Posted by: RasmaSandra | February 27, 2019

Pennsylvania Off the Beaten Path

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Raccoon Creek State Park is located at 3000 State Route 18 in Hookstown, PA, Beaver County, west of Pittsburgh.

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The land that surrounds man-made Raccoon Lake is landscaped. In the fall one can see the changing colors of 42 different kinds of trees. Hikers can follow five miles of trail crisscrossing a 314-acre wildflower reserve where more than 500 species of flowering plants can be found. Peak blooming seasons are mid-April to mid-May and August through October.

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Another hiking trail includes a tour of the Frankfort Mineral Springs. During the 19th century, the mineral water here was reputed to possess healing powers and the springs are quite famous. The annual winter freeze forms tremendous ice sculptures that stand immobile until they melt in the spring. The lake has bluegills, sunfish, bullheads, brook and rainbow trout, walleye, crappies, largemouth and smallmouth bass, and yellow perch. There are also a wide variety of interpretive and educational programs such as walks for bird-watchers, night hikes, snowshoe hikes, four self-guiding nature trails, and a Christmas bird count. In the winter there is ice fishing, ice skating, sledding, snowmobiling, and cross-country skiing. The park has five picnic areas as well.

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Nemacolin Castle on Front Street in Brownsville was named for the Indian leader Nemacolin, who established the first English trading route between Ohio and Maryland. Nemacolin Castle sits on a hill overlooking the Monongahela River. The early trading route connected with the river at present-day Brownsville and in 1806 it became a part of Route 40 the country’s first east-west highway. What is now the castle started as a simple trading post on the site of old Fort Burd which guarded the trade route. As the post prospered its owner Jacob Bowman gradually added onto the original stone structure turning it into a red brick Tudor-style castle with a crenelated octagonal tower and 22 rooms. The guest bedroom in the tower offers a wonderful view of the property and has a ladder leading to a second level which overlooks the entire town. Most of the rooms contain original 19th-century furnishings. In the “Bishop’s Bedroom”is a rare Napoleonic rosewood bed and a flawless 30 square-foot mirror made in 1850. Visitors may picnic on the grounds outside the castle.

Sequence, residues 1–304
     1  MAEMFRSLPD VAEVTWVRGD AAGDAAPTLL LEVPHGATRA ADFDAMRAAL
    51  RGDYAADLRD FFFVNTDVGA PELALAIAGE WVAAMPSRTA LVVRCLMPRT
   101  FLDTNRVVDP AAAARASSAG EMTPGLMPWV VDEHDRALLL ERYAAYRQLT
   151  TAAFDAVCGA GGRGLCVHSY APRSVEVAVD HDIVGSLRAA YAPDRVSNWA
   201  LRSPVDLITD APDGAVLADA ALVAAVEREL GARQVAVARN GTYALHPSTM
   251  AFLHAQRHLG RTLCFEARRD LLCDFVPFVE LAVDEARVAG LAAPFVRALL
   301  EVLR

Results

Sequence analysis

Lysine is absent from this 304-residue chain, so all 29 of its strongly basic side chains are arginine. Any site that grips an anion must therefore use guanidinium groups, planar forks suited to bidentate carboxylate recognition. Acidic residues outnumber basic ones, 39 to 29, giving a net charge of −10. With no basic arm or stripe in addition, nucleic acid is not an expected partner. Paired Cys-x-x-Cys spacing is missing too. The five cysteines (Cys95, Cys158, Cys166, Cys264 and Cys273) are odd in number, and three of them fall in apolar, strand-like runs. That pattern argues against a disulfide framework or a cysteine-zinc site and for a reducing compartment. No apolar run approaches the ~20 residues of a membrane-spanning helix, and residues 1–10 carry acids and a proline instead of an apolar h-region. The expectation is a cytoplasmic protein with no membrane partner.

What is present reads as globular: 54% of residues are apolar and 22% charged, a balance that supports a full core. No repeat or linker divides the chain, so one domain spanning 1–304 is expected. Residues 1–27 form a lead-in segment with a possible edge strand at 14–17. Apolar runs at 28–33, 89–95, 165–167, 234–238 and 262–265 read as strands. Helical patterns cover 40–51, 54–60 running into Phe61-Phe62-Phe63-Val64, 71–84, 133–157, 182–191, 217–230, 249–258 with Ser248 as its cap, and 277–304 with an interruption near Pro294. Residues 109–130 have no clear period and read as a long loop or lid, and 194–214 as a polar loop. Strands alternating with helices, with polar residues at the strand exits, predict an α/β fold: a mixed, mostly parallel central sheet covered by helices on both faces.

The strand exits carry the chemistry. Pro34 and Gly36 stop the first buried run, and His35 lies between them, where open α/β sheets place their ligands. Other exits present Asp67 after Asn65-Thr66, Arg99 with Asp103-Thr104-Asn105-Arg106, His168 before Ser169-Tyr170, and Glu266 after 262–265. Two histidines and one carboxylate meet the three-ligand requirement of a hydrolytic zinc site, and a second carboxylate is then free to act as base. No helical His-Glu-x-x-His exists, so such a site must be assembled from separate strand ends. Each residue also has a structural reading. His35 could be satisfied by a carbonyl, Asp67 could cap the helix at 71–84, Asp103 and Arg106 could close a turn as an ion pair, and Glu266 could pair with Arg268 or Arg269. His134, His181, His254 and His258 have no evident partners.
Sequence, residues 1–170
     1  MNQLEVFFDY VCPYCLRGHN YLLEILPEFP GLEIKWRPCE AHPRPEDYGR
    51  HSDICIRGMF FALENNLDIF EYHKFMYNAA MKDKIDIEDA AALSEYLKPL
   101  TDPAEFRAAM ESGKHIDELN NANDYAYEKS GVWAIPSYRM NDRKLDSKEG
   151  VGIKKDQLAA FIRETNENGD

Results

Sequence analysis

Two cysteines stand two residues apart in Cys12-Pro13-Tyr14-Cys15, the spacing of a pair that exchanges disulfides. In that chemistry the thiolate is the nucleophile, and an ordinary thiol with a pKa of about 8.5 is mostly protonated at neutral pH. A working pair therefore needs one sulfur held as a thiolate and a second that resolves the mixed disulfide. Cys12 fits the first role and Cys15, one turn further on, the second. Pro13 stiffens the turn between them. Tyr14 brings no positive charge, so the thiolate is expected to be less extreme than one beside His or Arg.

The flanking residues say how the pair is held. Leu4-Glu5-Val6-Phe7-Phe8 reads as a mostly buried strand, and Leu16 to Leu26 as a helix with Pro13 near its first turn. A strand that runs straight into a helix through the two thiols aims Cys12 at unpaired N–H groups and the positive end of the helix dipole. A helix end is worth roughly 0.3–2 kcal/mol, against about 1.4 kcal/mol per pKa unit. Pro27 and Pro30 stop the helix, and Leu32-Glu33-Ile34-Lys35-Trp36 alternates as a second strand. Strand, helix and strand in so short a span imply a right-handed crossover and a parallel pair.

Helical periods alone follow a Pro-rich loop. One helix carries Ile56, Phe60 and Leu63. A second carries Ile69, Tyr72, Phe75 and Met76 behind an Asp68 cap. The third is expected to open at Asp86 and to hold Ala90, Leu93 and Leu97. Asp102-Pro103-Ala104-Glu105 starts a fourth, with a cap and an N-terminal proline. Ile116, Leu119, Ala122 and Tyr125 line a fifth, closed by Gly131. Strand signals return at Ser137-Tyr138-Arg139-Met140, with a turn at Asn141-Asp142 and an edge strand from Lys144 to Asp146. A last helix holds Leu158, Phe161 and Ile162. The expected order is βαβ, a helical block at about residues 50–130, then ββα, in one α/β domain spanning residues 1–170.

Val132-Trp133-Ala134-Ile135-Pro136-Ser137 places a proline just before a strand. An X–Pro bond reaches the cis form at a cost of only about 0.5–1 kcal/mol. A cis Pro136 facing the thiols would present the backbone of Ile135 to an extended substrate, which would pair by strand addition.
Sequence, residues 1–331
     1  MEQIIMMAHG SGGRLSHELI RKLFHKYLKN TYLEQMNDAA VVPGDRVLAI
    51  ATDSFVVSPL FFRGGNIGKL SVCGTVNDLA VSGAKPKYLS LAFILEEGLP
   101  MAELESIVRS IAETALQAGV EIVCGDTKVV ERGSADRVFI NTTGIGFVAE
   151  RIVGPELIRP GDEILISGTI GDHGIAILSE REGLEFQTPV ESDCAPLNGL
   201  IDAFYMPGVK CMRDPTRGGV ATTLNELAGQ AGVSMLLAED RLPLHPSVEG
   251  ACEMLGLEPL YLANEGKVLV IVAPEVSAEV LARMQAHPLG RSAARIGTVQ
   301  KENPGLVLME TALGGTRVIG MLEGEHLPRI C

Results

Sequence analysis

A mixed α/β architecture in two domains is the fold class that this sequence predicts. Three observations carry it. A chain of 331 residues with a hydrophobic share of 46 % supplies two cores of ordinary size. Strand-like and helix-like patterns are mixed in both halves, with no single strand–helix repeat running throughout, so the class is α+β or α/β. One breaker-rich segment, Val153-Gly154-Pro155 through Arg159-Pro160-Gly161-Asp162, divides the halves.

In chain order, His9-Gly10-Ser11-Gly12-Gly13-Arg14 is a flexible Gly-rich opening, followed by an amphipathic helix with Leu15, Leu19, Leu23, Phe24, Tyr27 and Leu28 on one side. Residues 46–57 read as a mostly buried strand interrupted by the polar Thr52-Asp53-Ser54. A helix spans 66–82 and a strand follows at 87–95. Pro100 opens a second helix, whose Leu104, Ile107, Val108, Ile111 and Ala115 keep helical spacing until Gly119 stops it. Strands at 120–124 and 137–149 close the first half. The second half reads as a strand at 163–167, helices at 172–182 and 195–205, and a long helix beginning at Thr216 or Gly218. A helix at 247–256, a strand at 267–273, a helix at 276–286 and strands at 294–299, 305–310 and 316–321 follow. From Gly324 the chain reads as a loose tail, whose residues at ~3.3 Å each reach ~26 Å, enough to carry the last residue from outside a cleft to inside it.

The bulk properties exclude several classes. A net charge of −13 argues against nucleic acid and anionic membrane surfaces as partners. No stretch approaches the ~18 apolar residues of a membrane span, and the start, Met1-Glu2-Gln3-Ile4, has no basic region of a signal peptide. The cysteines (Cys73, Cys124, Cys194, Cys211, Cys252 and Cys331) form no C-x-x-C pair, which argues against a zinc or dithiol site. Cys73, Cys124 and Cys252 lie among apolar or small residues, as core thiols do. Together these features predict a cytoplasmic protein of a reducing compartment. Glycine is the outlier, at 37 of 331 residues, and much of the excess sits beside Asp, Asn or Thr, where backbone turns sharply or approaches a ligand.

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National Watch and Clock Museum located at 514 Poplar St., Columbia. When entering the museum one is given a card and must punch in on an industrial time clock. The museum is managed by The National Association of Watch and Clock Collectors.

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The museum traces the history of time measurement from a reproduction of the incredible non-mechanical Rhodes Antikytheron clock circa 79 B.C. to the most sophisticated modern atomic clock. Among the musical clocks are a 1770 Glune glass bell clock, an 1840 organ clock, a 1903 Regina music box and a 1905 Symphonic/Leipzig German clock with 10 interchangeable discs each with a different melody. On display are also clocks with Japanese characters, mantel clocks, mirror clocks, master-and-slave clocks, banjo clocks, a lantern clock, a Swiss water clock, and others. Nearly all of the clocks and watches are in working order.